Tuesday, January 23, 2018

Poetry By Joe Gianotti

Joe Gianotti grew up in Whiting, Indiana, an industrial city five minutes from Chicago. He currently teaches English at Lowell High School.  He is a proud contributor to Volume II of This is Poetry: The Midwest Poets. Among other poets, he represented Northwest Indiana in the 2014 Five Corners Poetry Readings. His work has been published in Former People: A Journal of Bangs and Whimpers, Steam Ticket: A Third Coast Review, The Tipton Poetry Journal, This, Yes Poetry, and other places. You can follow him on Twitter at @jgianotti10.

The Last Will and Testament of the Norton Anthology

I, Leopold Bloom, of 7 Eccles St., Dublin, Ireland, declare that this is my last will and testament.

I revoke all prior wills and codicils.

To my parents, Mr. and Mrs. Ramsay,
I leave 60 milligrams of Celexa a day.
It’s enough to mend the door frames
ripped apart by slam after slam.
It will absorb curses like cotton absorbs sweat.

To my sister, Catherine Earnshaw,
I leave 80 milligrams of Remeron,
augmented with as much melatonin as you wish.
Take it thirty minutes before you want to find sleep,
and the maracas and tambourines will never wake you.

To my wife, Elaine Risley,
I leave 900 milligrams of lithium a day.
If taken as prescribed, with a full glass of water,
you will ignore your flat brushes
and use your filberts to detail the top layer.

To my friend, Josef K,
I leave three milligrams of Klonopin a day,
taken one at a time as needed.
You will not discover your crime,
but the punishment won’t seem so bad.

I am of sound mind and under no constraint or undue influence.


Quentin Compson


The purple sun that plunges
through the dusky mottled clouds,
the gently swaying tree limbs
that shake loose rusted leaves,
the lost March hour of the flip clock,
daylight savings time
that hemorrhages minutes of my A.M life.

I should take this opportunity

to fill myself with tulip trees and falling rainwater,
because phenomenon lacks inherent existence.
But I make only what I can,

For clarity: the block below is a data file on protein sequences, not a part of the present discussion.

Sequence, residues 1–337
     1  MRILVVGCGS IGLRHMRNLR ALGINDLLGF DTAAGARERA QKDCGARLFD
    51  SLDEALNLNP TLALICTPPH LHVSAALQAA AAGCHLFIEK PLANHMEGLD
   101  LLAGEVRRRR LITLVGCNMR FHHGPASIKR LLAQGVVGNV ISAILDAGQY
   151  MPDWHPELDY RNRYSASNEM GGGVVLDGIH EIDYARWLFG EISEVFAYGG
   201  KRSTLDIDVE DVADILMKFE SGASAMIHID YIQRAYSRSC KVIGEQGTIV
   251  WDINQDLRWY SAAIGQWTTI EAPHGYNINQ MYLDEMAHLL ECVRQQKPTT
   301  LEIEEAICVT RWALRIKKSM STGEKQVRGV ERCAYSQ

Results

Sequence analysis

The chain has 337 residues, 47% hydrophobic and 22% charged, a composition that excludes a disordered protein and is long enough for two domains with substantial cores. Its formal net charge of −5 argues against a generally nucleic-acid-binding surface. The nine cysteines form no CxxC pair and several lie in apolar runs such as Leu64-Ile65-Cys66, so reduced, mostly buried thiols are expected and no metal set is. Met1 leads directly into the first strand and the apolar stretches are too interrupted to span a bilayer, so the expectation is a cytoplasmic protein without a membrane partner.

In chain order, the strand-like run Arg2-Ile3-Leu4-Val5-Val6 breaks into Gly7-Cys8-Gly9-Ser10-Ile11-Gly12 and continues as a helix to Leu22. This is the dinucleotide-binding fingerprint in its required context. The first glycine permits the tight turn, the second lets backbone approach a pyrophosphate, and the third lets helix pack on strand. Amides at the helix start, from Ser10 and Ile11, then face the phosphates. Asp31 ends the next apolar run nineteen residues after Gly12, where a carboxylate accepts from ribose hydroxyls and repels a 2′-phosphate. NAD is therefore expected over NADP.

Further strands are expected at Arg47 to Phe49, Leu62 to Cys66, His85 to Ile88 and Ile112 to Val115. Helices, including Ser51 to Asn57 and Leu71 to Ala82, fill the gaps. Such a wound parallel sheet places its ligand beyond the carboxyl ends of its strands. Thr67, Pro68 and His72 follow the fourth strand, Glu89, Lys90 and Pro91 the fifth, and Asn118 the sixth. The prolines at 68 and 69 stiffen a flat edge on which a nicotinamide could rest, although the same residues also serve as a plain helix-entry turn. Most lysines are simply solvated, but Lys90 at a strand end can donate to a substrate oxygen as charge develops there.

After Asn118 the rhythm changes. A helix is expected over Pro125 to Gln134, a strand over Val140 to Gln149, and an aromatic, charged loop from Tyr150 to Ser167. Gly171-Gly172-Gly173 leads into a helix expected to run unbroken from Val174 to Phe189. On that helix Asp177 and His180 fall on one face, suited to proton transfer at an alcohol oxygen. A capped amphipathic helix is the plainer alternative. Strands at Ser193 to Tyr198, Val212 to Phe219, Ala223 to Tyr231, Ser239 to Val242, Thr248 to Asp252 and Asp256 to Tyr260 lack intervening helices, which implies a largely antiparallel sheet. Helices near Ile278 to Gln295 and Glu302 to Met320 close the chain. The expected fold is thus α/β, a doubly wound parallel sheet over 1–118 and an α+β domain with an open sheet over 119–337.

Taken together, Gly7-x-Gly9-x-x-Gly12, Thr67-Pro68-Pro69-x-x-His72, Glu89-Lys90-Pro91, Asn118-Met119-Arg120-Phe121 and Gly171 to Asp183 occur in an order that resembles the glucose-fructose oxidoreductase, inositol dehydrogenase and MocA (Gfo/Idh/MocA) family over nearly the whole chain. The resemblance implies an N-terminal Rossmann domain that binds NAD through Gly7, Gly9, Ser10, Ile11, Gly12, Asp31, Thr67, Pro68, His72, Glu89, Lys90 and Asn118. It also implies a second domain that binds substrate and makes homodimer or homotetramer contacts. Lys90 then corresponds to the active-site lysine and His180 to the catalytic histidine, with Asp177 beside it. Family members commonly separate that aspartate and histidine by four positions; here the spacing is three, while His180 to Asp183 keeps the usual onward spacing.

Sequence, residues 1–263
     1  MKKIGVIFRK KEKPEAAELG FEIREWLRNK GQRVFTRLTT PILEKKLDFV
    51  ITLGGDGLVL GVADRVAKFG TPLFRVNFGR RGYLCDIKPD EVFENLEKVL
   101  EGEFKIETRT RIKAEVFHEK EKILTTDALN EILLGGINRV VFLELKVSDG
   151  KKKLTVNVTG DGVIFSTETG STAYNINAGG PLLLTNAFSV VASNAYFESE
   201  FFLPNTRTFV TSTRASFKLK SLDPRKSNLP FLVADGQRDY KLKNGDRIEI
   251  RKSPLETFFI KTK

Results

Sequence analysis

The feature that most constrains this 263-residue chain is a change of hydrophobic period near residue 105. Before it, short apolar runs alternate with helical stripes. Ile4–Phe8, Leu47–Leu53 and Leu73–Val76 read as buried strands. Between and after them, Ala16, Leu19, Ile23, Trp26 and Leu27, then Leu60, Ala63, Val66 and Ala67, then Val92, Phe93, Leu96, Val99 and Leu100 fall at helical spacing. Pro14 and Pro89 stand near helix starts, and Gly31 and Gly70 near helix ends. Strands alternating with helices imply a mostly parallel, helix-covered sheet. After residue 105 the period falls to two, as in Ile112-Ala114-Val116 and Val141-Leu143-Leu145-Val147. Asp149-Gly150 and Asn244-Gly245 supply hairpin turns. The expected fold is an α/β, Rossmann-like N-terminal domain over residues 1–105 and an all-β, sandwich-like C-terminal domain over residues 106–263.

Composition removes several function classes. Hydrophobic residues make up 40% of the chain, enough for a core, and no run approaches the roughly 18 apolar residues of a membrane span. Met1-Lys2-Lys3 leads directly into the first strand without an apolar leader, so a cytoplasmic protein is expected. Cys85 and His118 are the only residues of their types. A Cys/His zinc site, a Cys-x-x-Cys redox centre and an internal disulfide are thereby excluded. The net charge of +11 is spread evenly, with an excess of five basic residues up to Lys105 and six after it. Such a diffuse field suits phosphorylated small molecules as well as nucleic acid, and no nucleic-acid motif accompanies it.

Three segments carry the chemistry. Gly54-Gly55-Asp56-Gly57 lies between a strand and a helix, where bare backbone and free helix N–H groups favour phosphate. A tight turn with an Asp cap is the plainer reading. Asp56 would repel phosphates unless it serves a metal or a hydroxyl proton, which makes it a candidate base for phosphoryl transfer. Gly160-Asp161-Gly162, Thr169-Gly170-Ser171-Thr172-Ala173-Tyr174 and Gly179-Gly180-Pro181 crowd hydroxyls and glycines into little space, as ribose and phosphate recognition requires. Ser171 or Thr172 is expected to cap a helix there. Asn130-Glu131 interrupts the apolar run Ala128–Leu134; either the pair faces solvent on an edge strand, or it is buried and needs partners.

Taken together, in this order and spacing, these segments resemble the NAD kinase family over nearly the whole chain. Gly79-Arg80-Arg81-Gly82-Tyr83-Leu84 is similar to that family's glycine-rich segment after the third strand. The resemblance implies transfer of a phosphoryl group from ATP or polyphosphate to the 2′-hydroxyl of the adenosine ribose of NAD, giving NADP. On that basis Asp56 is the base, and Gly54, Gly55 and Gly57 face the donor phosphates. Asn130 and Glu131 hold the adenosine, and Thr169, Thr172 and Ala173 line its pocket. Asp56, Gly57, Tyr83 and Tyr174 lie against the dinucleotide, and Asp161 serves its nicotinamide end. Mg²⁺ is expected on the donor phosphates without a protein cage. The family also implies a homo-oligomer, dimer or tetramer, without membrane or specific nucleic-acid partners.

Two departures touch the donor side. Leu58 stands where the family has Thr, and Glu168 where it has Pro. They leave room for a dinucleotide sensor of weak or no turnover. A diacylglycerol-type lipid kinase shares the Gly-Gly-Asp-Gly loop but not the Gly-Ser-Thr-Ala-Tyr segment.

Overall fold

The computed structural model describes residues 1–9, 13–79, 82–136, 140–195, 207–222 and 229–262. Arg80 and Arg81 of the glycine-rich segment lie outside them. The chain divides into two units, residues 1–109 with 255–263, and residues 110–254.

steel girders and carbon ingots
for peace and tranquility.
Undirected, I must embrace the middleway
or doom myself to origination.
But when I envision the good deed as fulfillment
instead of the praise for the good deed,
I feel like a steel beam
swinging from a crane
forty stories up.


I’ve climbed a ladder, and I’m going to fall off.
It’s ten feet high and not on solid ground.
I need to paint the window pane white,
and I stand on the third rung from the top.
The ladder shakes, wobbles, leans,
as the front legs hop back and forth on the lawn below.
I reach with my brush. I lean forward,
my thighs pressed into the ladder.
I go to stroke the woodwork, back and forth
with both sides of the brush, but the flip
splatters paint because of my outstretched arm.
This job will end me. If only some concrete
lay below the ladder, or a block of wood to even the legs,
but I think of this option only after my ascent.
Now, I’m stuck doing the job.
Once I come down, I cannot go up again.

Mixed Cocktail

I feel like the knob
on a car radio,
stuck one channel away
from the actual station.
The fuzz of Bruno Mars
and NPR blend together
as I drive down
a darkened road.
Trees overhang either side
of the one lane highway,
and the night sky is visible
like puzzle pieces
lighted by the moon.
When the unmarked road curves,
I barely see it,
pumping my breaks in the turn
as every other word on Things Considered
blots through the misdialed radio.
A rabbit  with smashed hind legs,
lays in the street, still alive.
My windshield,
covered in smashed bugs,
only smears worse when I pull back
the wiper trigger.

I am the deer in headlights
standing in the middle of the road
unaware of my impending death.
With a little luck,
I won’t see it coming.

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